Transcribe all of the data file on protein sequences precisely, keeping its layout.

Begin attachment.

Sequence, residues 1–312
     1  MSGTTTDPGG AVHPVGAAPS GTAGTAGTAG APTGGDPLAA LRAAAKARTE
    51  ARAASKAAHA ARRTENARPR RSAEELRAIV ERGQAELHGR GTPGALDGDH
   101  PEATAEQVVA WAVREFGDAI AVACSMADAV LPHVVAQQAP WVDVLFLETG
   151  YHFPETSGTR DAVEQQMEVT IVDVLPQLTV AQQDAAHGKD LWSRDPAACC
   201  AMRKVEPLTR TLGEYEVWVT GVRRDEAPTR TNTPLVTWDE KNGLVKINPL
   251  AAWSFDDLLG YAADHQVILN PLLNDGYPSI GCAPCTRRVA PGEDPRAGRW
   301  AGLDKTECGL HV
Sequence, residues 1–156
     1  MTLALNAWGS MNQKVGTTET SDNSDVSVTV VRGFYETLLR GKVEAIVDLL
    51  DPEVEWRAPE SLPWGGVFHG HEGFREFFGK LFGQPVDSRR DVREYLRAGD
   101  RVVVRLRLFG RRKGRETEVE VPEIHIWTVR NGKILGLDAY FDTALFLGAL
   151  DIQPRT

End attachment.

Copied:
Sequence, residues 1–312
     1  MSGTTTDPGG AVHPVGAAPS GTAGTAGTAG APTGGDPLAA LRAAAKARTE
    51  ARAASKAAHA ARRTENARPR RSAEELRAIV ERGQAELHGR GTPGALDGDH
   101  PEATAEQVVA WAVREFGDAI AVACSMADAV LPHVVAQQAP WVDVLFLETG
   151  YHFPETSGTR DAVEQQMEVT IVDVLPQLTV AQQDAAHGKD LWSRDPAACC
   201  AMRKVEPLTR TLGEYEVWVT GVRRDEAPTR TNTPLVTWDE KNGLVKINPL
   251  AAWSFDDLLG YAADHQVILN PLLNDGYPSI GCAPCTRRVA PGEDPRAGRW
   301  AGLDKTECGL HV
Sequence, residues 1–156
     1  MTLALNAWGS MNQKVGTTET SDNSDVSVTV VRGFYETLLR GKVEAIVDLL
    51  DPEVEWRAPE SLPWGGVFHG HEGFREFFGK LFGQPVDSRR DVREYLRAGD
   101  RVVVRLRLFG RRKGRETEVE VPEIHIWTVR NGKILGLDAY FDTALFLGAL
   151  DIQPRT